Messing with a sows babies is dangerous. DANGEROUS. They can get protective and kill you. BAD IDEA….but she didn’t seem to be aggressive. A little protective, but she knows me and was feeling helpless. Starving, thirsty, exhausted, 3 dead piglets…at this point she needed me. I took the risk. I stuck the two living ones in the bucket and started walking.

Except, Dots kinda dumb. She didn’t know where they were and had a hard time grasping the concept of them being in the bucket. She didn’t follow for long before running back to the dead ones. Eventually between a bucket of squeaking piglets and a bucket of feed we were able to lure her away. That first 50 feet she hard a hard time leaving. the next 200 yards was a little easier but we still had to bribe her with the two buckets…then we hit the logging road and she suddenly perked up. She started stepping more lightly, happy behind me…..then she started thinking. I could hear her talking turn from happy, to worried, to slightly aggressive as she starting thinking about me with her piglets. SRSLY, PERSON WITH THE FEED COME OVER AND DISTRACT HER.  It worked, a little food and she was happily distracted again. As we came down the hill Rosie spied her daughter and came running. RUNNING to say “Hello!” They talked face to face, then rubbed against each other talking with excitement. The other to pigs joined in on the conversation over the fence. Happiness abounded!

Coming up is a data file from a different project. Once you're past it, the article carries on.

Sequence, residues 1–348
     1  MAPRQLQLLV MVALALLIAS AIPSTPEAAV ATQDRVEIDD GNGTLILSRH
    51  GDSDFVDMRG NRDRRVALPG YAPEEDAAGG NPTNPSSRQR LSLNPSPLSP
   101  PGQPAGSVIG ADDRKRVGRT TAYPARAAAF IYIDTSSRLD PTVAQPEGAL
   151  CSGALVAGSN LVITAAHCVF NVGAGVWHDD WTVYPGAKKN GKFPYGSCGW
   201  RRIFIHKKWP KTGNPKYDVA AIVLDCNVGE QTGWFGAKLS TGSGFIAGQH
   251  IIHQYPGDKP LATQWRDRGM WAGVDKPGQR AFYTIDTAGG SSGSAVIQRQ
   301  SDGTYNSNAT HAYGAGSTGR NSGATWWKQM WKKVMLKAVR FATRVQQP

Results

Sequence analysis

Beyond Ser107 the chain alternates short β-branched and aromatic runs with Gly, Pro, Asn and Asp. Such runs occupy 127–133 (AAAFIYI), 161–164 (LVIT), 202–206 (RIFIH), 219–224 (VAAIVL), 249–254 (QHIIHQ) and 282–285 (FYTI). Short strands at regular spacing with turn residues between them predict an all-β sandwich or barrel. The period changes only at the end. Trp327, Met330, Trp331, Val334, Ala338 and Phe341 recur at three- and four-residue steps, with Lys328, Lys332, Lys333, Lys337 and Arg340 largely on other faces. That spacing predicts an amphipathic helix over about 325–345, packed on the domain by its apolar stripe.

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We continued to lead her to the barn, though at one point Rosie came up and insisted on looking in the bucket full of squeaks. Her grandchildren! A happy occasion. Pigs are very smart socially, and thats where we get to thinking there smart on other ways. Not so. We got halfway to the barn when Dot suddenly realized she lost her babies and started running back. Luckily she was stopped by my mother with the bucket of feed and led back to the barn. I locked her in there like I had thought to do the night she ran off with food, water, and her babies.

The two little piglets left are spunky little things days old and already rooting around. They are named “Digger” and “Ditch.”Image

A boy and girl. The boy is wide and thick framed, growing especially fast since he gets all the teats he can reach. The girl isn’t quite fast enough and he sometimes steals milk from “her” 2 teats. She’s pretty feisty and when he tries to wrestle she doesn’t give up. I was worried they weren’t getting enough milk the first day, but they didn’t want none of that cow milk…luckily mom started producing right away.